“Circumcision” vs. “Mutilation”
By Richard Bernstein
A dozen gathered on a fine May evening to discuss if the appropriate attitude about garbage strewn streets and female circumcision should be acceptance, indignation or belligerence. Were these two issues even related?
Strolling along the streets of the non-tourist section of a developing Caribbean island nation prompted thoughts about whether one should feel indifferent about detritus, since the people seemed to accept it as part of their environment, even though it would be provoke indignation at home. The group was impressed by the libertarian suggestion of allowing those who like to leave garbage on the beach and play loud music to use specific beaches where such expressions were perfectly acceptable, while those seeking litter-free and noise free beaches could use different designated beaches. Nonetheless, politics, in the form of ordinances define lawful standards of conduct. Furthermore, this issue seemed to involve aesthetic relativism more than ethics.
In a more extreme case, ethical relativists were challenged with how to react to deeply held and historically respected rites of passage, such as female circumcision, even when it led to medical complications and impaired sexual enjoyment. Most believed it was appropriate for parents to hand down their values and traditions and to take pride in them. How was female circumcision different? Both involve minors having their parents’ believes imposed on them. Most agreed that parents have a right to educate their children as they see fit, providing it doesn’t jeopardize their life. What about the case of the hermaphrodite child whose parents decide to surgically make female? Is this unethical or wise, in saving the child the pain of humiliation and gender confusion? Even if female circumcision were “mutilating,” as its detractors describe it, this religious custom is nevertheless a way to earn acceptance within a family and within a society. It reinforced identity in a positive way, even it was at the risk of health or cost of something of low or even undesirable value in the culture, i.e. sexual gratification. Many physicians in this country view male circumcision as mutilating, of no hygienic value, in most cases, and traumatic to newborns on whom it is imposed. Some believe it also decreases sexual pleasure. How would we feel if others tried to impose their anti-circumcision beliefs on those who view it as religiously significant? Are male and female circumcision issues of human rights and religious freedom? Is it different for the Sudan and the US?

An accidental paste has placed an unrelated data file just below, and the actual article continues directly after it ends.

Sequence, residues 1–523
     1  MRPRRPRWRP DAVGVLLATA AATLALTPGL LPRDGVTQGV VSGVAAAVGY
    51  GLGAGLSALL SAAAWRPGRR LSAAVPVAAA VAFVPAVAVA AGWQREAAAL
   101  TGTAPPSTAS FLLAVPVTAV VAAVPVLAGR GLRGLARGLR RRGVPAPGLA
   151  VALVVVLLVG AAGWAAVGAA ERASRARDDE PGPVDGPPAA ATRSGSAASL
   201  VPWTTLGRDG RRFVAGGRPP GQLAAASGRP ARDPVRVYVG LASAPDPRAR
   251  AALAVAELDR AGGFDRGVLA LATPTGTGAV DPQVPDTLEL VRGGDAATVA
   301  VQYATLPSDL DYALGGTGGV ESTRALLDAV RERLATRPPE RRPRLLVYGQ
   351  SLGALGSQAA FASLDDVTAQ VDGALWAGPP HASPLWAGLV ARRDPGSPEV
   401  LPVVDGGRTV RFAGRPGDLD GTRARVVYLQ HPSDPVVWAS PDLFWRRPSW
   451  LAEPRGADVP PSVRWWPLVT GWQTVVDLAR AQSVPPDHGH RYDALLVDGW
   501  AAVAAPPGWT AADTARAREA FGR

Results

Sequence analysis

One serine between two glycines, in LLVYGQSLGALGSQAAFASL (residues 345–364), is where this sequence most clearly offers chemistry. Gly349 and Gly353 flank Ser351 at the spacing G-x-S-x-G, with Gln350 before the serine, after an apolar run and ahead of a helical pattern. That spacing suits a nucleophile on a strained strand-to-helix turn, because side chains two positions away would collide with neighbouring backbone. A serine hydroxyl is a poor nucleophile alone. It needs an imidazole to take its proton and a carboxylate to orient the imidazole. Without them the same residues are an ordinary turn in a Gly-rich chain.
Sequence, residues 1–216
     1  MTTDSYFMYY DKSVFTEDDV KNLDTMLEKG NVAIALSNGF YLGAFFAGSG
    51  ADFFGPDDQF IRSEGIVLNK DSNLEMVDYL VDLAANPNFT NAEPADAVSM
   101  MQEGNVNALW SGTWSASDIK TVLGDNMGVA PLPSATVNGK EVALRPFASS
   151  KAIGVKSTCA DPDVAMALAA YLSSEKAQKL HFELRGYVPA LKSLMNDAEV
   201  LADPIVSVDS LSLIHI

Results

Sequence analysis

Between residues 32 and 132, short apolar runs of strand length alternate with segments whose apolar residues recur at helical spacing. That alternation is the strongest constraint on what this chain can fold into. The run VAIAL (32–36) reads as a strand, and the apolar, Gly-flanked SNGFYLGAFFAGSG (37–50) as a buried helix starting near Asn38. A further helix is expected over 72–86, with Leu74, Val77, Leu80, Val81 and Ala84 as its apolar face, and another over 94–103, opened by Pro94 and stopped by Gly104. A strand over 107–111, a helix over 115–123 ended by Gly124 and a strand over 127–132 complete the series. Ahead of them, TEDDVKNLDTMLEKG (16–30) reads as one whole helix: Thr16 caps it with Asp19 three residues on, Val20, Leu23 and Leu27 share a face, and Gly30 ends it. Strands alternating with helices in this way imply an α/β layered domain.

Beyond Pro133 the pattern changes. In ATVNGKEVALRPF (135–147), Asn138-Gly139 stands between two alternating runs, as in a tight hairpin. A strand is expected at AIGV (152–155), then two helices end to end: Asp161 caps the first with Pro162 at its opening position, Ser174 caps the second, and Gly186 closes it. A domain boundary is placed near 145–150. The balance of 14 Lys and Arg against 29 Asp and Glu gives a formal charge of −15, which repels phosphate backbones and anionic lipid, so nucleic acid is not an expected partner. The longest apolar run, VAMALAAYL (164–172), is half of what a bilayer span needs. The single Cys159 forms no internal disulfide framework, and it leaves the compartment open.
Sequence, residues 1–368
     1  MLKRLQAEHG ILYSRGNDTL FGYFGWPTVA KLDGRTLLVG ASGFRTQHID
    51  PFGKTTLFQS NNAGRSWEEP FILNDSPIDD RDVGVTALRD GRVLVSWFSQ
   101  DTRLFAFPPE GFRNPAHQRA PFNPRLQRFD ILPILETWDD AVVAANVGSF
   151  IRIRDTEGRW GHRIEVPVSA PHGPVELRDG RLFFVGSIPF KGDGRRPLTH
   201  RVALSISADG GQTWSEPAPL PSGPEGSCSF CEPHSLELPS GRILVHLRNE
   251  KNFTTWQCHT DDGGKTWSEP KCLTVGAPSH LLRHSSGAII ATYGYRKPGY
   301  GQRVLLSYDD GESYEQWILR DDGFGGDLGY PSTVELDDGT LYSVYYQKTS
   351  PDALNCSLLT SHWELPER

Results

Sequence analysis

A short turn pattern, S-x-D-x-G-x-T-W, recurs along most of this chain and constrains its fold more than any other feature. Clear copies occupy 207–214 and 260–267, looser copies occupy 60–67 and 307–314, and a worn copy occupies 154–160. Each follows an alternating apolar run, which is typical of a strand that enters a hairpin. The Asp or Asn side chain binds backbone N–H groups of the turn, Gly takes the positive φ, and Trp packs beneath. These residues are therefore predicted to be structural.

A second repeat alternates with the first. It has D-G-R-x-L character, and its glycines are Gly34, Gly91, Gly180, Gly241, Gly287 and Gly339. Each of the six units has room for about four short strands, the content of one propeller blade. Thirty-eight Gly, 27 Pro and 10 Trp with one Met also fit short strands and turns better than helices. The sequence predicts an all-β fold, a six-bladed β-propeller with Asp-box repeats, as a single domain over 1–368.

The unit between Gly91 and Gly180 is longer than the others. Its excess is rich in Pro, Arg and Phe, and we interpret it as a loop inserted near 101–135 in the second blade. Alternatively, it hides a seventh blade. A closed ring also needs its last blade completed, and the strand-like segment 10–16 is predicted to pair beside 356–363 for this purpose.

But is it ever justified to impose ones values on other cultures and what is the proper response to extreme practices in other countries? Most felt that genocide, even within the sovereign borders of a recognized nation, should prompt military action to protect innocent victims from ethnic cleansing. On the other hand, there was a need to moderate the response to less heinous infractions, such as the deprivation of education, voting rights, and occupational opportunities. Most felt that even involuntary servitude, exploitation of children and acts of torture and maiming limited to political enemies of a dictator would not justify military intervention. In such cases, political action, formal rebuke by international organizations, protests, economic sanctions, and educational efforts should be used to change deplorable conditions within a country. Thus proportionality in one’s response–making the punishment fit the crime–seemed to be a common theme.
Some expressed concern about American commercial values being imposed on countries. Others believed that adoption of American brand names and the popularity of American sports heroes and movies was voluntary and represented the work of the marketplace of ideas, even if it seemed to mean the apparent loss or submersion of longstanding local values and customs.
Is moral absolutism ever justified? Most believed that slavery, maiming, honor killings and genocide should be universally condemnable. While certain ethically unenlightened areas may engage in these practices, they should be fought against, although only a deliberate national policy of genocide should prompt military intervention. Gray areas would be socially sanctioned practices that are voluntarily accepted by the majority as promoting social stability, even if they are discriminatory, adversely affect minors and are inhumane when judged by other nations.
The group felt that education, especially the ability to freely analyze and discuss such anthropologically diverse human customs, would help others critically evaluate the given values of their society and lead to a broader set of universally accepted human rights. Join us in our right to enjoy lively and thought-provoking discussions on the last Mondays of the month.